The Primary Stage Determines the Success or Failure of a Rockets Launch:
For a rocket to penetrate through the drag caused by the atmosphere and successfully attain MAXQ, the initial thrust must be strong enough to carry the rocket through it all. If a small miscalculation happens in the primary stage, then the whole project is bound to fail.
2)The Upper Stages
The rocket is already moving in the sky at high speed and has already shed some weight in the form of the burnt-up first engine. Therefore, this means that the engine at this stage has a relatively easier task to perform compared to the first stage engine. The sole purpose of this stage is to get the rocket into the orbital velocity. This is the speed required to align with the movement of other space objects like planets and others. The rocket must move at a high speed that successfully counter the gravitational pull.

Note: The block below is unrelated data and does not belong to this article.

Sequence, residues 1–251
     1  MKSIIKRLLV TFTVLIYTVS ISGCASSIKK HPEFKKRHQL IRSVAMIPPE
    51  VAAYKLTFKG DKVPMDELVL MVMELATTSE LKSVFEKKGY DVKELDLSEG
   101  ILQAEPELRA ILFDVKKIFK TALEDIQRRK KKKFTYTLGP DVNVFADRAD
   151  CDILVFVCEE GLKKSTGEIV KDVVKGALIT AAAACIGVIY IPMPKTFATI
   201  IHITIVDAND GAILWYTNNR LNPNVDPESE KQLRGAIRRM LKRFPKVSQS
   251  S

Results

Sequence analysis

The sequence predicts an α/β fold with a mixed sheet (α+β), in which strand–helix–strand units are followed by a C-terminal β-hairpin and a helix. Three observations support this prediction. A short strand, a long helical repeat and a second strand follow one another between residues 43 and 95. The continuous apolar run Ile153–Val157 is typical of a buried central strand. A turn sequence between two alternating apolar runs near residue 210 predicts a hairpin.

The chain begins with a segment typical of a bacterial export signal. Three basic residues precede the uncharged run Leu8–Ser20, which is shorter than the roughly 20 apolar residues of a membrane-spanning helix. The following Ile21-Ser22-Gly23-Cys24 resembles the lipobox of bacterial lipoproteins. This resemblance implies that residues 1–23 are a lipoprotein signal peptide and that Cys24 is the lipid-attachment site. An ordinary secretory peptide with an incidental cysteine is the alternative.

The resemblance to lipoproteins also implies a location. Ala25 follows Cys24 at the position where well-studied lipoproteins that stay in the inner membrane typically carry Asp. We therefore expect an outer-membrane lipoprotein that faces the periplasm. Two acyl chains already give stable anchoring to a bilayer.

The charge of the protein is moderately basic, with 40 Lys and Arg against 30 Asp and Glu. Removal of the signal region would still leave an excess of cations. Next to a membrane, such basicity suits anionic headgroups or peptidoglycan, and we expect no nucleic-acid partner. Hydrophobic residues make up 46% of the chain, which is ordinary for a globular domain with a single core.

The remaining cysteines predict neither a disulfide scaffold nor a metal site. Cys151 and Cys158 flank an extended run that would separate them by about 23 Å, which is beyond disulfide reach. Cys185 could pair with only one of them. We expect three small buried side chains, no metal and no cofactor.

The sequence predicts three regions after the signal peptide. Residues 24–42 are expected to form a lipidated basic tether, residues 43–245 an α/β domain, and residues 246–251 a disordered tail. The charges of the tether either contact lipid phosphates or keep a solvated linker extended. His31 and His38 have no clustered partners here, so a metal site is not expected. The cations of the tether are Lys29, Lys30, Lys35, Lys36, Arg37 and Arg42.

Failure to achieve the high speeds required to overcome the gravitational pull will mean that the rocket is pulled back to the ground by gravity. The important thing to note here is that the closer the rocket is to the earth’s surface, the higher the gravitational pull effect and the higher the speed required to overcome it.
Before the secondary stage engine burns out, the following must happen:
The Vehicle Must Achieve Weightlessness
Achieve higher Specific Impulse Rating
The vehicle’s movement becomes stable
The used-up engine on the secondary stage also detaches from the rocket in a process called Second Engine Cut Off (SECO). However, the engine’s remains cannot come back to earth (Unless the rocket is modeled to be reused as we shall discuss later) but stay in space, orbiting around other bodies to infinity. These used up rocket detachments form part of what is called space debris or space junk.